Dog lovers can look forward to more than just turkey and pumpkin pie this Thanksgiving!
Looking for some feel-good entertainment that doesn't involve religion or politics? Tune into the Thanksgiving Day National Dog Show for a crowd-pleasing program for everyone.
When is the 2022 Thanksgiving Day National Dog Show?
Thanksgiving is always celebrated on the fourth Thursday of November, so it falls on November 24th this year. You can tune into the Thanksgiving Day National Dog Show on NBC at 12 pm (in all US time zones). It airs right after the Macy’s Thanksgiving Day Parade. You can usually find coverage of the competition on streaming services like YouTube TV, Hulu and Peacock, as well.
The Thanksgiving Day National Dog Show is pre-taped on November 19-20 so the competing dogs and their families can celebrate Thanksgiving at home. The live show takes place in Valley Forge, Pennsylvania and is open to the public! If you’d like the attend the live show, you can find out more information and purchase tickets on the National Dog Show website.
History of the Thanksgiving Day Dog Show
The National Dog Show was founded and historically hosted by the Kennel Club of Philadelphia – a group that actually predates the American Kennel Club (AKC). The first show was back in 1879 and was formerly titled The Kennel Club of Philadelphia Dog Show.
The Thanksgiving Day dog show is one of the last remaining benched dog competitions. Benched dog shows require all participating dogs to sit on their assigned benches on the show floor when they aren’t actively competing. It makes for easier accessibility and interaction during the competition – but it’s also a visual display of the dog’s discipline.
Since 2002, the infamous Thanksgiving Day dog show has been televised by NBC. It’s the most widely-viewed dog show in America with an audience of nearly 20 million people. The show is typically hosted by actor John O’Hurley and AKC judge David Frei.
What type of dogs can compete in the National Dog Show?
There are a few rules for dogs to be eligible to compete in the National Dog Show. First, only purebred pups who belong to one of the 205 breeds recognized by the American Kennel Club are eligible.
Thousands of dogs participate in the qualifying competitions leading up to the National Dog Show, but only seven dogs make the cut. These dogs represent the seven breed groups identified by the American Kennel Club: the Terrier Group, Toy Group, Working Group, Sporting Group, Hound Group, Non-Sporting Group, and Herding Group.
All but two terrier breeds originate from the British Isles. They were originally bred to hunt vermin and protect their family’s home. Terriers are known to have high-energy levels, stubborn temperaments and an often wiry coat.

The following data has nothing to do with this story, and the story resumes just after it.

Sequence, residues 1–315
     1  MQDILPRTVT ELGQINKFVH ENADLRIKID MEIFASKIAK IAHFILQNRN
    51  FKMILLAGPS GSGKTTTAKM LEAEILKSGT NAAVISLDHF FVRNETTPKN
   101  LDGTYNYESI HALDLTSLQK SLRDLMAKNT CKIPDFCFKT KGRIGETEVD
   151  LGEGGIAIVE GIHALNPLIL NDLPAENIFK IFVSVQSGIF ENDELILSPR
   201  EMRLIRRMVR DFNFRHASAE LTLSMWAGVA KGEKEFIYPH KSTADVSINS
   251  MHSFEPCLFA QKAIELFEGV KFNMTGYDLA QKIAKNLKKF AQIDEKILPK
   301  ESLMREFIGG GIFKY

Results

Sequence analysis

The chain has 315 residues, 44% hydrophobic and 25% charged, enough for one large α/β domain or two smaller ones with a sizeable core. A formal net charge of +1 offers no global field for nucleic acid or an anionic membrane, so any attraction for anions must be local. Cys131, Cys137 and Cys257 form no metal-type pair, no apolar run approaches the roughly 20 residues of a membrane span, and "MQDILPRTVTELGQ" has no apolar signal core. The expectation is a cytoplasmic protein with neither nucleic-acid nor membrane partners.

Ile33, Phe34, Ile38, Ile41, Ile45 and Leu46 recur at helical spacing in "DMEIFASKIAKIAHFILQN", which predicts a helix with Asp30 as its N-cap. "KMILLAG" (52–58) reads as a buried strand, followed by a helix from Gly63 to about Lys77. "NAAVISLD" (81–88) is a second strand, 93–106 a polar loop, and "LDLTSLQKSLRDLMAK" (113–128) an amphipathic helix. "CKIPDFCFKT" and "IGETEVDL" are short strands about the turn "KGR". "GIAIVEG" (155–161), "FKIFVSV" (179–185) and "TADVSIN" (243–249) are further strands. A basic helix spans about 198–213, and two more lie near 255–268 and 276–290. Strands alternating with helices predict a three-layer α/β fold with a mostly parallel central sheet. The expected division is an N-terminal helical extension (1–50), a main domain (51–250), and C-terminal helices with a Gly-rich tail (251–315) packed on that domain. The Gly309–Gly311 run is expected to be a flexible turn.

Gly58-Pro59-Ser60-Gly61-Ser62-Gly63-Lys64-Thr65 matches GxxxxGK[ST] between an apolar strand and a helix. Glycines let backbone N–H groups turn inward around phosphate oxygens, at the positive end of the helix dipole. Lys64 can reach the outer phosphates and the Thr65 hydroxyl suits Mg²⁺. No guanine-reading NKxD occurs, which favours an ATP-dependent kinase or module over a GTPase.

These tiny pups were bred solely to provide companionship to humans. They are called “toy” dogs because they are so small, a child’s toy might even outweigh them. Though they are small, toy group breeds are very smart and easily adapt to different lifestyles. Breeds liek Chihuahuas and Malteses belong to the toy group.
Large, athletic dogs such as Great Danes and Saint Bernards belong to the working group. These pups are protective, strong and intelligent. Their original purpose was to pull sleds, guard property and help with farmwork. Working dogs are just as docile and lovable as they are large.
This group is made of dogs bred for hunting game, working in water, and retrieving quarry. Breeds in the sporting group like Golden Retrievers or Cocker Spaniels are naturally energetic and alert. They have superior instincts outdoors and in water due to their hunting abilities.
Dogs belonging to the hound group were also bred for hunting. They have a heightened sense of sight and smell to track down their prey and a booming howl to signal what they’ve found. Bloodhounds and Beagles belong to the hound group.
The name might sound obvious, but non-sporting group dogs are also the breeds that also don’t belong to the hound, herding, working, toy or terrier groups. It’s a “leftover” group ranging from Bulldogs to Poodles. There is no key defining characteristic for these pups and they originate from various backgrounds.
Pups that have a gift for controlling the movement of other animals and working on farms belong to the herding group. It’s easy to recognize herding dogs as they often have “shepherd” or “sheepdog” in their breed name. Herding breeds like German Shepherds have also proven useful in protection and rescue work.
How can a dog win Best in Show?
The pups who want to make it to the Thanksgiving Day National Dog Show have to first compete with other dogs of their breed. If they win their breed competition, they are awarded Best of Breed.
The Best of Breed winners compete again with all the breeds that make up their group. Whoever comes out top dog in the group is awarded First in Group. The seven dogs that are the First in Group end up competing for Best in Show at the National Dog Show.
At dog shows, the pups are judged against their breed standards. The American Kennel Club has standards for each breed that includes their individual physical characteristics, personality, and skills. It’s not only about being a good dog, but each dog should also exemplify the standards of their breed. The winning dog for each breed and group is deemed to be the “picture-perfect” version of their category.
The winner of the National Dog Show is awarded Best in Show – the most prestigious honor in the dog show community. With the Best in Show title comes $20,000 in prize money, as well.
A Scottish Deerhound named Claire took home the title of Best in Show at the 2021 Thanksgiving Day National Dog Show. Claire also won Best in Show in 2020 – making her the first dog in 20 years to win two years in a row. Let's see who will take home the prize at this year's show!